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(The following refers to GCC/Linux/32Bit) I'm currently taking an OS course. I'm asked to write a User-Level Thread Library. I'm given the following C method by the school, alongside with ...
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    Thumbs up %gs:0x18


    (The following refers to GCC/Linux/32Bit)
    I'm currently taking an OS course.
    I'm asked to write a User-Level Thread Library.

    I'm given the following C method by the school,
    alongside with a demo on how to use it:
    //A translation required when using an address of a variable

    //Use this as a black box in your code.
    unsigned int translate_address(unsigned int addr)
    {
    unsigned int tmp;
    asm volatile("mov %%gs, %0\n"
    :"=g" (tmp));
    printf ("%%gs=%u\n", tmp);
    unsigned int ret;
    asm volatile("xor %%gs:0x18,%0\n"
    "rol $0x9,%0\n"
    : "=g" (ret)
    : "0" (addr));
    printf("ret=%u\n", ret);
    return ret;
    }

    I anyone can explain to me how this works, this would be useful.
    Most of all I'm interested in the cryptic %gs:0x18.
    What happens at the GS data segment? What's so special about the 24 bits (=0x1 bits offset?

    Attached is the demo file using the above method.

    Thanks, David.
    Attached Files Attached Files

  2. #2
    Linux Guru Rubberman's Avatar
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    FWIW, this code won't work on 64bit systems. Nonetheless, it sets up the stack frame to allow calls to switchThreads() to vector to the correct address. You need to review Intel i386 assembly language to understand exactly that is going on in the translate_address() function. I know what the mov and xor instructions are, but I'm not remembering what rol does (rotate bits?) since I haven't touched Intel assembly code for well over 15 years. Also, you need to understand what the Linux assembly directives are, since they are also involved here.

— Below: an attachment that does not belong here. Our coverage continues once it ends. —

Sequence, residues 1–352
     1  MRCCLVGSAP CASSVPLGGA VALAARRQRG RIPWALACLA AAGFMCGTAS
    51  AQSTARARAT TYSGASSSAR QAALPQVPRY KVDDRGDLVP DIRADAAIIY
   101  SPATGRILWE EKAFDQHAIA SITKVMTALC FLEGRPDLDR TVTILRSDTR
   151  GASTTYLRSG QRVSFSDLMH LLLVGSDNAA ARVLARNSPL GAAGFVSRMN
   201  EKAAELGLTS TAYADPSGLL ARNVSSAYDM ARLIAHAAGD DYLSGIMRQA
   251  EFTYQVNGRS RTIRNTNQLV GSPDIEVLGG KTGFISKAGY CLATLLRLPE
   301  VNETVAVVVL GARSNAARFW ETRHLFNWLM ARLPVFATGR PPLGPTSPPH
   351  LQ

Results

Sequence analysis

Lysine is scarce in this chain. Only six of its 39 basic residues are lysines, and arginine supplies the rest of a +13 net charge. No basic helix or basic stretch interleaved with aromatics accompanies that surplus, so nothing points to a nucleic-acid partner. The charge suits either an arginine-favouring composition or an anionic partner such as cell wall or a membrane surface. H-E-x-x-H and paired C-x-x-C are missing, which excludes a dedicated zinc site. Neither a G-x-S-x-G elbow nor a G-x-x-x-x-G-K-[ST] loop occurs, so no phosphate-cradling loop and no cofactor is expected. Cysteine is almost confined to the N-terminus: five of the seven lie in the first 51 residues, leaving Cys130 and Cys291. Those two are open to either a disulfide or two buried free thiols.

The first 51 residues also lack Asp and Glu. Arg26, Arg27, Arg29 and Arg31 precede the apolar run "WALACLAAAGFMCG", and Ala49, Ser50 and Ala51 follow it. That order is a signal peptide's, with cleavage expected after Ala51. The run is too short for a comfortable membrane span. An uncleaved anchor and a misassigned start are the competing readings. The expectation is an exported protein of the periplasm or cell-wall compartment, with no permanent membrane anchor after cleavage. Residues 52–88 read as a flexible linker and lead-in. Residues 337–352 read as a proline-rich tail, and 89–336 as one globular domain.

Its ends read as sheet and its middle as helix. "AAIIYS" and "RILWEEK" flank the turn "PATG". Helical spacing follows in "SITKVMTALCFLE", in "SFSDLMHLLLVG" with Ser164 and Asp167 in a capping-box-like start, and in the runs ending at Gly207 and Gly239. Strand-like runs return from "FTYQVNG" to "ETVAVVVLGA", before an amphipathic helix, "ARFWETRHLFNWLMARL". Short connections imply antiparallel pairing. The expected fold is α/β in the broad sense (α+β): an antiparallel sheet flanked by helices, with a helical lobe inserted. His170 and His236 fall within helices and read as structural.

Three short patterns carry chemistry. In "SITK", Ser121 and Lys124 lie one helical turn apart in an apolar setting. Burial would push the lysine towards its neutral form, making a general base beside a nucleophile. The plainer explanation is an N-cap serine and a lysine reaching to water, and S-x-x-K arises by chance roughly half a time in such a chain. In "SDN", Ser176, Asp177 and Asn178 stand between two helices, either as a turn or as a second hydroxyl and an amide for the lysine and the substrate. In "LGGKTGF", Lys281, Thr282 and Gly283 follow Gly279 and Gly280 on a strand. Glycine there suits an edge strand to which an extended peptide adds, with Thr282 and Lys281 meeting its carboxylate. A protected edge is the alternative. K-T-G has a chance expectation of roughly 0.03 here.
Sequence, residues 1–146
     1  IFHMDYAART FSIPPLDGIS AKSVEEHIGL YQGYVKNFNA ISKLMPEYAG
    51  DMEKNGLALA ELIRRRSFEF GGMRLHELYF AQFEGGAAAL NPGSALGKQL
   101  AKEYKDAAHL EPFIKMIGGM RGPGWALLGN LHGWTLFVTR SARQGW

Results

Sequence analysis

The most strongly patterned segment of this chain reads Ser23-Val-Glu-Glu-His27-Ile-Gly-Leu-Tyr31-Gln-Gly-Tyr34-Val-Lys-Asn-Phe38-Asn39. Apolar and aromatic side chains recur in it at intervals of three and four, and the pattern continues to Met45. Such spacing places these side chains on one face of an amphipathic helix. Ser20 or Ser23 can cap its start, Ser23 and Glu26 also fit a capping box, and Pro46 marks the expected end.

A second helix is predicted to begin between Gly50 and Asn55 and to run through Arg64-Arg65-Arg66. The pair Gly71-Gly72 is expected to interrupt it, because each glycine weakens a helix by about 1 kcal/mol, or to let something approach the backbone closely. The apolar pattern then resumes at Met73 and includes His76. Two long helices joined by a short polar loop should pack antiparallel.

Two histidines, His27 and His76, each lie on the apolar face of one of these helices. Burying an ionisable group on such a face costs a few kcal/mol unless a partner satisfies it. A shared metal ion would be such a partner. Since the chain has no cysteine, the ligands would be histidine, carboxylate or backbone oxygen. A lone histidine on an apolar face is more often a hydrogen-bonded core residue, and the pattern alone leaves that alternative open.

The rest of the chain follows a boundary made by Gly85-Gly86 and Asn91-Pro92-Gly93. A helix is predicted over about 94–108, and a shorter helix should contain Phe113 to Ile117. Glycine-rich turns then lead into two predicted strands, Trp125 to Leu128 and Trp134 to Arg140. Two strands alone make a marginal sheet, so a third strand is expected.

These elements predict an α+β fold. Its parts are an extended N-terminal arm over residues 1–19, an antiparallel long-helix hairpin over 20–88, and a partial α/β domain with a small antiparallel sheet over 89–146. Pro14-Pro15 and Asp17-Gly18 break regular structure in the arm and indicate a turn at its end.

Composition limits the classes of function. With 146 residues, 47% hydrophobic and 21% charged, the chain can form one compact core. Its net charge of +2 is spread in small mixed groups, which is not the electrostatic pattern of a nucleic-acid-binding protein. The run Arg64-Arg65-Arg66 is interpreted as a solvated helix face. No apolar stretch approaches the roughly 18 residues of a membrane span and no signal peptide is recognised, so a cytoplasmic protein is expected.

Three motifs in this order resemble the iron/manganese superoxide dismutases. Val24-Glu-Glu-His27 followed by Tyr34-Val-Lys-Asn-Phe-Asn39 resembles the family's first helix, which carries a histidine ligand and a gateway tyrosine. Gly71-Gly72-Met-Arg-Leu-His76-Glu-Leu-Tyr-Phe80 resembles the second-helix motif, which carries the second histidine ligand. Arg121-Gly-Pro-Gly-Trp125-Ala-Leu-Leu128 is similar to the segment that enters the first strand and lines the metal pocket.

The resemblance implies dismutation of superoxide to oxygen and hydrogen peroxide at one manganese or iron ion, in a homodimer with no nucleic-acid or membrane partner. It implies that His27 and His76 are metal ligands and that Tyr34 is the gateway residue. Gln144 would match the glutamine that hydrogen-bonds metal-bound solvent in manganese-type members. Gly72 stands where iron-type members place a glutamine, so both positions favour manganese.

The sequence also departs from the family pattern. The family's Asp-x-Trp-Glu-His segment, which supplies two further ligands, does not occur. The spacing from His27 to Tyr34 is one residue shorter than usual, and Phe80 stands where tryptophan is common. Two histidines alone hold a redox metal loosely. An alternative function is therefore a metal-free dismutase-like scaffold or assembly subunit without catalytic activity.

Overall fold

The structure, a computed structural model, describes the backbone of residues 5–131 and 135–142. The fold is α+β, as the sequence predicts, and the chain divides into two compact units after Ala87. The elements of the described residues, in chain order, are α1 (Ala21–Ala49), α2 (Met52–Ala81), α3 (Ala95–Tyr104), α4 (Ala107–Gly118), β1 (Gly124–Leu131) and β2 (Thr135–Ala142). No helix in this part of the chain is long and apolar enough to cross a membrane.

One final thing. It is fine to ask people on these forums to help you understand what is going on, but it isn't ok (IMO) to have them do your work for you. I imagine that your class materials cover this stuff, or have references for you to follow in order to learn what is going on here. We can help you clarify what you think you know, but we won't be happy "spoon feeding" you. Ok?
    Sometimes, real fast is almost as good as real time.
    Just remember, Semper Gumbi - always be flexible!

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    Dear Rubberman,

    Thanks for taking the time replying.
    I actually know what the code does - it's pretty obvious from the demo.
    What I'm interested is the inner mechanism
    If you can elaborate more on that.
    I even know some Assembly - and I can grasp what every line of code does.
    What I don't know, is why the code is so.
    Why XOR addresses? What's so special about the selected ROL (and it does shift bits, but does not throw bit to the bits-bin, rather inserts them from the end)?

    And one last thing:
    I actually don't have material covering this - this is why the documentation says "use this as a black box". We're working over C/C++, and I guess the course staff chose not to add Assembly grasping problems to the main conceptual problem of the Ex - User-Level Thread Library.


    baum

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    Linux Guru Rubberman's Avatar
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    I appreciate your conundrum. The problem with black boxes is the amount of "faith" that is required. If there is a problem, who's is it? Without understanding exactly what is going on, all bets are off.

    I would suggest that you go to Laptop, Notebook, Desktop, Server and Embedded Processor Technology - Intel and dig up their docs on the pentium assembly language. I think, though this may not be correct, that the rol command rotates the bits, but doesn't lose them - they should (if my memory is correct), wrap around. Don't take me at my word for this. As I said, it has been 15 years since I last did any Intel assembly programming, and with the advent of the Pentium family, a lot has changed. Intel has a Developer's Network as well that provides a lot of tools and documentation for this sort of thing. Do check them out. I have always found that their data sheets and documentation to be exceptionally complete.
    Sometimes, real fast is almost as good as real time.
    Just remember, Semper Gumbi - always be flexible!

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    That is a great idea!
    I'll post a thread over there - didn't think of it.

    Thanks

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    Linux Guru Rubberman's Avatar
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    Good luck, and let us know how you fair.
    Sometimes, real fast is almost as good as real time.
    Just remember, Semper Gumbi - always be flexible!

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